It seems that lately, my posts have taken a very anti-police slant. Well, it seems that way to some commenters, anyway. I'm sure, to those observers, it appears as though I’m another anti-police blogger, simply carping and criticising and always looking for the bad, and I can see why that would be galling.
So, rather than answer that wherever it crops up, I thought a post here might serve to explain why.
I'm sure it does seem, at the moment, as if all my current posts about cops show them in a bad light.
But, in common with a lot of bloggers, I mostly report what's in the news or what's being reported by other bloggers. If that's cops behaving badly, well, do the math, as the Yanks say...
Do the police get a rough ride from the media? Yes, undoubtedly they do. But they don’t help themselves by treating everyone as the enemy unless they are 100% supportive all the time.
And do they have to deal far too often with feral chavscum? Yes, undoubtedly they do. But they can’t then assume everyone they meet is feral chavscum, or complain about it too much when it pays the wages; a plumber would be stupid to complain of the smell of blocked drains if that’s how he earns his living...
Am I anti-police? No, far from it. I’ve defended the police on many occasions, where I’ve felt they had some unjustifiable bad press. And I link to, and comment at, many good police blogs.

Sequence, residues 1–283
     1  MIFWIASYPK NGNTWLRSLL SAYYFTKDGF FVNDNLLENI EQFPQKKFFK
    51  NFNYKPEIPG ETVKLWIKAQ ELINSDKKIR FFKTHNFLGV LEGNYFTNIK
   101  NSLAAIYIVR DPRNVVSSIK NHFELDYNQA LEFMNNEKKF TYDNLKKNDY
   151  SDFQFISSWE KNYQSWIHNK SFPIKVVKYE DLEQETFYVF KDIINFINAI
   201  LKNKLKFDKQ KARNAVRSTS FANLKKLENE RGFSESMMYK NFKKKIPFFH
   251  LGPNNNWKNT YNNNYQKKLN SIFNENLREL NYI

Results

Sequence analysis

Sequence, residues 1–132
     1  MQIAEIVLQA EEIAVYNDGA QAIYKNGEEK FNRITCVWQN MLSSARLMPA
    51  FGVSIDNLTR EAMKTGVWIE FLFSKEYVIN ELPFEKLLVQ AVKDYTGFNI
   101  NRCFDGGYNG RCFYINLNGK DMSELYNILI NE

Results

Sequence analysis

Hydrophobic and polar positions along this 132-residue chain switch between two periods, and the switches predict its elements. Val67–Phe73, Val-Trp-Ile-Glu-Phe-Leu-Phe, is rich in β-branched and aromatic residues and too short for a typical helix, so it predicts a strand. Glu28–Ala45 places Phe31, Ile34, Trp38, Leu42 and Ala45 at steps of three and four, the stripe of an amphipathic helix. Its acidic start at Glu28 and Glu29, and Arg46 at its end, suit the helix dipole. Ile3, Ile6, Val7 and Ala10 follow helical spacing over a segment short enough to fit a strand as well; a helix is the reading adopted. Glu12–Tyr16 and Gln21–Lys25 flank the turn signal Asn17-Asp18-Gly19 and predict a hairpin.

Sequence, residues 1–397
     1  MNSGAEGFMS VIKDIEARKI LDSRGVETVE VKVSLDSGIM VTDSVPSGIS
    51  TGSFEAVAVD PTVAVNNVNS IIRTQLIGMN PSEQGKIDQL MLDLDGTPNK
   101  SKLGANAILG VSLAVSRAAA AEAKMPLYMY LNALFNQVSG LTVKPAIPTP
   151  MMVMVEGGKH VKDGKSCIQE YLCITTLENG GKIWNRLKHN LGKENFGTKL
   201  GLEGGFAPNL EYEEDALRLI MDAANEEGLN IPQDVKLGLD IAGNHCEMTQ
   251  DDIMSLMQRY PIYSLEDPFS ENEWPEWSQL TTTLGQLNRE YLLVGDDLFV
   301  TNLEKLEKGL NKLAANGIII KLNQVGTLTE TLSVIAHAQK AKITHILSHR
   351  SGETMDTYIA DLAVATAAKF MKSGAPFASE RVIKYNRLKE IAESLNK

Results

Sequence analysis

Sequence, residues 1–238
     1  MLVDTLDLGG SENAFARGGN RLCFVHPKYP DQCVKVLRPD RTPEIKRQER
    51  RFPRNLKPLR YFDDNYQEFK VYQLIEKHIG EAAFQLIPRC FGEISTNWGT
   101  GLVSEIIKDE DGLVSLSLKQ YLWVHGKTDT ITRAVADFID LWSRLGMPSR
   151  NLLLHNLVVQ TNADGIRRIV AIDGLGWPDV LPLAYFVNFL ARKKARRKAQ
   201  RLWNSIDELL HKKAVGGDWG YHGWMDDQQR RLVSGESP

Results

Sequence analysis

But I SHOULD be (with my political leanings) one of the most enthusiastic defenders of the police. That I'm not, isn't entirely and solely all the fault of the politicians/top brass/target culture/media.
Sadly, it seems lately as if far too many police officers are rude and bullying, trigger-happy, or corrupt.
It seems as if, despite being told that what they are doing is wrong and they should stop, they can’t seem to do so, taking that as an excuse to ramp up the harassment of the law-abiding.
And when that is then pointed out to them as a failing, far too many fall back on the claim that the person being harassed ‘had it coming’, was ‘being annoying’, ‘wouldn’t listen to instructions’, oblivious to the fact that no, that’s not your job or your decision to make. You get to uphold the law as it stands, not make it up to suit yourselves, or bend it to get that target box ticked.
Rather than say 'Oh, that's wrong, but...' how about just saying 'That's wrong, and it shouldn't happen, full stop'?
In the wake of the Bird spree and the Moat shooting, many commenters at Gadgets and others blogs are calling for the routine arming of the police or – as a remedy to what they see as the media frenzy – a reporting blackout in such operations until they are resolved. Both those moves would be a disaster and would further blacken the name of the police force in the eyes of the general public. With the advent, in particular, of the internet, the latter is simply utterly unenforceable.
The ‘wolves and sheepdogs’ analogy is often quoted, and was the chosen name for a particularly good (sadly, now defunct) police blog. And yes, it’s a good one. But those who hold it up as an example need to remember what happens – and what SHOULD happen – to those sheepdogs that become unable to distinguish between a wolf and another sheepdog, or a sheep.
Or who simply start to think and behave far too much like the wolves, regarding the sheep as justifiable prey.